There are a couple playwright-screenwriters that are of particular interest at the moment. One is Elizabeth Meriwether, scribe of the hilarious and twisted “Heddatron” and the far less funny “Mistakes Madeline Made.” Another is Rachel Axler, a writer for “The Daily Show” and other programs, whose “Smudge” is onstage at the Athenaeum Theatre, courtesy of Ka-Tet Theatre. Axler has also written for “New Girl,” the show Meriwether created about an offbeat twentysomething teacher named Jess.
Outside of their resumes, I group them together because both write with a flagrant and often unsuccessful theatricality, but they each infuse their day-job sitcom sensibility. Onstage, the playwrights frequently focus on twentysomething and thirtysomething women going through the usual rights of passage—getting a job, marriage, childbirth—but pour sticky nuclear waste all over them. They treat these youthful anxieties weirdly with a hint of science fiction and a wallop of neuroses that can be a smudge heavy-handed.
That’s just what Axler has done with her irritating “Smudge,” a play about a woman who bears a formless, genderless child. The title refers to the nondescript shape visible on the ultrasound that its optimistic parents assume was just a glitch. Colby (Stevie Chaddock Lambert) develops an immediate, anti-maternal distaste for the helpless thing, showering insults and refusing to call it a baby. But does that first half hour of sickening abuse amount to anything substantial, insightful or cathartic? It sure tries to.
Mom has a bemusing turnaround when she, all of a sudden, gets really into the blob. The unlikely change in disposition comes right after the only moment of this play of any worth whatsoever, where the glowing baby carriage with tubules of sustenance and electricity extruding from it starts to react to classical music. The lights inside the tubes flicker in tandem with the growing song, and Colby mimes conducting using an octopus-like doll. Their dance is a sweet moment, and after that, the play becomes all about accepting their future—a roundabout way of preaching compromise.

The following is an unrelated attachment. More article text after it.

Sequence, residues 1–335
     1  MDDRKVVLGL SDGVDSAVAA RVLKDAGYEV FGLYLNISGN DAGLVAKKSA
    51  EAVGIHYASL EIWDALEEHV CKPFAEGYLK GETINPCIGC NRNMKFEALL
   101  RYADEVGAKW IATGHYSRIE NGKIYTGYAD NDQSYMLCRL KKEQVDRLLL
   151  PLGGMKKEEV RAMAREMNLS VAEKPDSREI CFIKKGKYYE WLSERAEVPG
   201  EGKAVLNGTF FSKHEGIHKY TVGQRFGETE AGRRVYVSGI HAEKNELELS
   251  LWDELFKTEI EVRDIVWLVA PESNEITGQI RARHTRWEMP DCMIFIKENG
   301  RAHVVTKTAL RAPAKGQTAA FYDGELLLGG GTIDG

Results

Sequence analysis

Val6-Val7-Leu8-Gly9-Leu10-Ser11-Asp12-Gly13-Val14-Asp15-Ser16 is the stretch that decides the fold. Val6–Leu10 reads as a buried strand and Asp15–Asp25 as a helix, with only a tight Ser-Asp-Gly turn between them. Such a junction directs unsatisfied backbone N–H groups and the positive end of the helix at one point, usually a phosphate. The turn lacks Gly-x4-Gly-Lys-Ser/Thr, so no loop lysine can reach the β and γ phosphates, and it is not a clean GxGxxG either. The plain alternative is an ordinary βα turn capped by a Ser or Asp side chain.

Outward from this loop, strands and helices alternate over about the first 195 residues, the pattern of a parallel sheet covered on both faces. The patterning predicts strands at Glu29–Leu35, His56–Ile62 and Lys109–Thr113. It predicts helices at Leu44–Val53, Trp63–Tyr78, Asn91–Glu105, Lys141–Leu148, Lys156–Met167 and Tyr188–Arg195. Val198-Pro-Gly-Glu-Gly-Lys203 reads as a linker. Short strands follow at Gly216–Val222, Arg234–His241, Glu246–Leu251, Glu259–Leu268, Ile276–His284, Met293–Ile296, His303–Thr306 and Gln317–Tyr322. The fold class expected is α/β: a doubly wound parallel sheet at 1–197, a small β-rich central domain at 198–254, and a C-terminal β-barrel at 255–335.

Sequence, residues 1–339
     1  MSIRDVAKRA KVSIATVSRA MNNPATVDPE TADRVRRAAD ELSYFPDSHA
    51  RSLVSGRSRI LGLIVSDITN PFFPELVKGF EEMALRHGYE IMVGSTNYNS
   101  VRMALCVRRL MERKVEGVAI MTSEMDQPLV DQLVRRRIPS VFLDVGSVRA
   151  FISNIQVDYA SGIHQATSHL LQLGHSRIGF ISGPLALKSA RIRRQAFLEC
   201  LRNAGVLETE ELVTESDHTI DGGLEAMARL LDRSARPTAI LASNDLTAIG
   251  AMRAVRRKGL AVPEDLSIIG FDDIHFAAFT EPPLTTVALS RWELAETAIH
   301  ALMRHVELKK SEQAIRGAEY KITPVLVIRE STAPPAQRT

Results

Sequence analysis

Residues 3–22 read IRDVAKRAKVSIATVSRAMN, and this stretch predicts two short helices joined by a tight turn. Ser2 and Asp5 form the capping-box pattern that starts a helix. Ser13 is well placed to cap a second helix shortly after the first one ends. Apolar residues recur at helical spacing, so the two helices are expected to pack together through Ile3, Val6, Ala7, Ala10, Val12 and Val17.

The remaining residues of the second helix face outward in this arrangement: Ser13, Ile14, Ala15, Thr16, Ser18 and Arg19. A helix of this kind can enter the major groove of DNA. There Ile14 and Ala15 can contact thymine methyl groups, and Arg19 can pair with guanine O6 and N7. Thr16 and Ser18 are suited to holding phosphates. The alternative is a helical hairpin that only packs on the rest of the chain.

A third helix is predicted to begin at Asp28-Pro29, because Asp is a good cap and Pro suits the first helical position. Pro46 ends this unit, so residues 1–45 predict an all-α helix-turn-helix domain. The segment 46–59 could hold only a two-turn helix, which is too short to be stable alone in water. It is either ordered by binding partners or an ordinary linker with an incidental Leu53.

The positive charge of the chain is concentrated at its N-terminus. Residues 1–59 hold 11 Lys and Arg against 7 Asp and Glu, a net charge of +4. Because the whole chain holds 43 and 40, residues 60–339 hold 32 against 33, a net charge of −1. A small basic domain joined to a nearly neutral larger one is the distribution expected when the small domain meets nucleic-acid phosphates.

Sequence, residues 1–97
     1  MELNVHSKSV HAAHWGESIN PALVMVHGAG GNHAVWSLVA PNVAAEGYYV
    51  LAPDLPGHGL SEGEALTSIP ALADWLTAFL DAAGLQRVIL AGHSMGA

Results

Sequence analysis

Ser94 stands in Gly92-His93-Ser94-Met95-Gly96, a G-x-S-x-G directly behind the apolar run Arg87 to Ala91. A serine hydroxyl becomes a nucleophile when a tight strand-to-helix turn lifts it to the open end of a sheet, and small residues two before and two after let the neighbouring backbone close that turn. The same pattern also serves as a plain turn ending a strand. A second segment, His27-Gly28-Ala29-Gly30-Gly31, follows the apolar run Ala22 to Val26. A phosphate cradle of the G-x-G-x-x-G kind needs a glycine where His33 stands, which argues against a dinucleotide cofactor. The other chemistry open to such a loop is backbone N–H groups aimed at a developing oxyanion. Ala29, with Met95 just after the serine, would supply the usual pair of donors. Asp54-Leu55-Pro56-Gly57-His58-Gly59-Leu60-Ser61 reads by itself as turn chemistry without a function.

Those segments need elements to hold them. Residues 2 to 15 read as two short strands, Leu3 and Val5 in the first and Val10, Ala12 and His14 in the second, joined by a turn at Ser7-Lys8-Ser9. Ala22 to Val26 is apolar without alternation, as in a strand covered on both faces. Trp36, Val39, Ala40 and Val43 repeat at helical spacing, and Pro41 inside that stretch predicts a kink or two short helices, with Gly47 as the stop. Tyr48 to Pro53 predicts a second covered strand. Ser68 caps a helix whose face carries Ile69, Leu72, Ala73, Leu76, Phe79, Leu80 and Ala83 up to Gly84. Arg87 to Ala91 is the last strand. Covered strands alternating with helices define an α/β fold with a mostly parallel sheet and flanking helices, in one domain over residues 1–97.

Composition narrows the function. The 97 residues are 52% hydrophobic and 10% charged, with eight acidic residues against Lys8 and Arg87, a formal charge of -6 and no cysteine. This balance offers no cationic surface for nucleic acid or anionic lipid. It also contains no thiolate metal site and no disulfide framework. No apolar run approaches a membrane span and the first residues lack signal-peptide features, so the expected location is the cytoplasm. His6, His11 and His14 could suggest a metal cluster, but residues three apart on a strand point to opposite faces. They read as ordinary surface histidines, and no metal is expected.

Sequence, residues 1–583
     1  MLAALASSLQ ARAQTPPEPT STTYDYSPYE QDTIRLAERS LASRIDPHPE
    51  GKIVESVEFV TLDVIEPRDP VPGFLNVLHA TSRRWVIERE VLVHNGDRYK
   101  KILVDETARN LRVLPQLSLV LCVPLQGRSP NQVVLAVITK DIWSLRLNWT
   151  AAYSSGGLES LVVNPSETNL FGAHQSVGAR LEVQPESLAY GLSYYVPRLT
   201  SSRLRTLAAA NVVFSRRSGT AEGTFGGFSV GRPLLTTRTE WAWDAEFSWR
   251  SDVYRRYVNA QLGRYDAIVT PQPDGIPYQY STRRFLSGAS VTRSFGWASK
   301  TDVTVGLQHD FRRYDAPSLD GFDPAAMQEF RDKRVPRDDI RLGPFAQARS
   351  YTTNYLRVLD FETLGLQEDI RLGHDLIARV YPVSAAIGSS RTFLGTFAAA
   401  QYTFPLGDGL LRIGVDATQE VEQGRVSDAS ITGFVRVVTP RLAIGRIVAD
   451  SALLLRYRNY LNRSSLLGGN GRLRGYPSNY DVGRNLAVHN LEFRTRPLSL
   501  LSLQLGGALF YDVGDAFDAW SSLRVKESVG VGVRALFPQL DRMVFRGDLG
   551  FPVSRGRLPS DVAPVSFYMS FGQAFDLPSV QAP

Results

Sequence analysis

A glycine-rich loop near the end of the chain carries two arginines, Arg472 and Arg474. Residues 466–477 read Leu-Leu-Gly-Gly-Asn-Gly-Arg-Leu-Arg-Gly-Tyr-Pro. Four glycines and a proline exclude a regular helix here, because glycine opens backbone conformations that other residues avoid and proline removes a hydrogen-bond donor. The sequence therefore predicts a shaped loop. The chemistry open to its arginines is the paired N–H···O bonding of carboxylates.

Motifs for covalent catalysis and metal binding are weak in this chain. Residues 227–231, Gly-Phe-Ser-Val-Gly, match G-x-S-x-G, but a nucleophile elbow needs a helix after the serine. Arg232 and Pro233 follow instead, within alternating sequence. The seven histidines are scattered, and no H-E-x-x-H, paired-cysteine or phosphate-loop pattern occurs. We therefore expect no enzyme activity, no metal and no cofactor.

“Smudge”‘s issues go beyond an audience’s unwillingness to accept a mother who doesn’t unconditionally love her baby. Medea wasn’t so into her kiddies either. The reservations are rooted in the character’s and the play’s own mutual narcissism and self-absorption. It’s so convinced of its own profundity that it comes off smug, yet all the while the play has little to no confidence in its ample idiosyncrasies. Some of that is also rooted in the production, itself, which is a spatial mishmash as staged by Allison Shoemaker.
Husband Nick’s office is banished far upstage, and the scenes are relegated to inconsequential white noise, making the same tired commentary on office culture that every sitcom makes. Both Axler and Ka-Tet seem to devalue the husband character. That’s not to slight Scott Allen Luke’s perfectly adequate performance, but Nick’s trouble with finding satisfaction in his adult cubicle is there only to serve as padding. Here’s an altogether different wanton thirtysomething! The whining, complaining, kvetching continue complete with mechanical, artificial shifts in outlook. There were a few technical blunders on opening night—an uncooperative IV tube, an idle projector blue screen—but none so irksome as Axler’s play itself. (Johnny Oleksinski)
At the Athenaeum Theatre, 2936 North Southport, (773)935-6875. Through June 23.